3. In order to support its determination of a jeopardy assessment the Government must show that the assessment is "reasonable under the circumstances *849 ..." 26 U.S.C. § 7429(b) (2). The burden of proof in such a showing rests upon the Government. 26 U.S.C. § 7429(g) (1). In determining the reasonableness of the assessment, this Court is not limited to information available to the IRS at the time of the assessment, but may also consider relevant information gathered after that date. Loretto v. United States, 440 F. Supp. 1168 (E.D.Pa.1977); Haskin v. United States, 444 F. Supp. 299 (C.D.Cal.1977).
In determining "reasonableness" the Court is given little guidance by the statute. A jeopardy assessment may be levied by the IRS if it believes that the collection of a deficiency will be "jeopardized by delay". 26 U.S.C. § 6861(a). The Internal Revenue Manual suggests that a jeopardy assessment should not be made unless one of the following three conditions is met:
(1) The taxpayer is or appears to be designing quickly to depart from the United States or to conceal himself;
(2) The taxpayer is or appears to be designing quickly to place his property beyond the reach of the Government either by removing it from the United States, or by concealing it, or by transferring it to other persons, or by dissipating it; or
(3) The taxpayer's financial solvency appears to be imperiled.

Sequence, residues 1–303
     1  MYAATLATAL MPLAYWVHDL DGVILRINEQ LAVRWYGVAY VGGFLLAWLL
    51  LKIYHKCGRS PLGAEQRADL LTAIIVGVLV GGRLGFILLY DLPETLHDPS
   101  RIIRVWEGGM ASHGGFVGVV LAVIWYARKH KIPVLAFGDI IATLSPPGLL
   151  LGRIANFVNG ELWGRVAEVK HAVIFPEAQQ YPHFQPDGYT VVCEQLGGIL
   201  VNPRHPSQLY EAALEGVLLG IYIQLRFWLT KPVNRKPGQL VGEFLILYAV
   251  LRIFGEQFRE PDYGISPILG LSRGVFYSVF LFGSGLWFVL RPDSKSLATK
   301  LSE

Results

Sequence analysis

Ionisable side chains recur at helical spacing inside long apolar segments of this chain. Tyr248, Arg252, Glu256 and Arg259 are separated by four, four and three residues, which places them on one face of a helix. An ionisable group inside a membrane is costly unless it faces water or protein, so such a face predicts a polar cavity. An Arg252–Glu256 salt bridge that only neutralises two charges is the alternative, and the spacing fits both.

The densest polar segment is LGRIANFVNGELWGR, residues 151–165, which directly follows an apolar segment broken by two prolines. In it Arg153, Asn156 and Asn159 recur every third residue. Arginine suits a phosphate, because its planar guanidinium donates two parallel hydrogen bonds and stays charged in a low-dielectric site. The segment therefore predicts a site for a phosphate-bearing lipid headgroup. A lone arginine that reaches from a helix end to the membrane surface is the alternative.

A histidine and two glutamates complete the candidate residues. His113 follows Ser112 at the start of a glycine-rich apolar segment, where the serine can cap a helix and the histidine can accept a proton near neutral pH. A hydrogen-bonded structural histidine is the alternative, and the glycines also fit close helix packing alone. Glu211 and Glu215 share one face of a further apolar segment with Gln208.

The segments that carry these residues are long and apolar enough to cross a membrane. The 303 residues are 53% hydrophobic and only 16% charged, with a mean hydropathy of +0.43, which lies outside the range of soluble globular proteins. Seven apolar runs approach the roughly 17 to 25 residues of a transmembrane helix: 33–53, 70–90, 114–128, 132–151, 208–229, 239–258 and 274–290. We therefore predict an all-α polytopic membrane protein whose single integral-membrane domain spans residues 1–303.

The legislative history of section 7429 indicates Congressional approval of the standards set forth in the IRS manual. See, Senate Finance Committee, S.Rep.No.94-938 (part II), 94th Cong., 2d Sess., 360 n. 1 (1976). The Court agrees that a finding of any one of the three conditions listed would support the Government's determination. However, the Court's consideration is in no way limited to the factors delineated in the IRS manual.
At the November 15, 1978 hearing, Robert L. Ison, Jr., a real estate salesman for Ackerman and Co., was called to testify. Mr. Ison testified that during the early part of 1978 he was contacted concerning the possible sale of Global Industries property located in Atlanta, Houston and New Orleans. Included in the listing of saleable properties were the properties located at 267 and 270 Marietta Street in Atlanta, Georgia. The property at 267 Marietta Street alone was valued at between 1.5 and 3 million dollars. In addition, Mr. Harvey Harkness, an Assistant United States Attorney, testified that he was contacted by a representative of the plaintiffs concerning a sale of the Marietta Street properties. While no actual sale was executed, this testimony provides support for the Government's contention that the plaintiffs were attempting to sell substantial amounts of valuable property. The fact that these properties are presently under control of this Court in a criminal action, United States of America v. Michael G. Thevis, et al., Civil Action No. 78-180A, is no defense to a jeopardy proceeding. See Loretto v. United States, 440 F. Supp. 1168 (E.D.Pa. 1977). Plaintiffs' attempt to liquidate substantial portions of its real estate holdings lends support to the Government's contention concerning the dissipation of corporate assets.